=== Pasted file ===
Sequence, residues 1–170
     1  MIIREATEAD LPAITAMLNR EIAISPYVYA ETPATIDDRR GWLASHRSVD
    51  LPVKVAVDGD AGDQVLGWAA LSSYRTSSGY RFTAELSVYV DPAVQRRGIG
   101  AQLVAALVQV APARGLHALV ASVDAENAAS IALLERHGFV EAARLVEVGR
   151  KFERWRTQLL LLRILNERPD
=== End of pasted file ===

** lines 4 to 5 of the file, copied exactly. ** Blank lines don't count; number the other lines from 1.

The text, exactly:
   101  AQLVAALVQV APARGLHALV ASVDAENAAS IALLERHGFV EAARLVEVGR
   151  KFERWRTQLL LLRILNERPD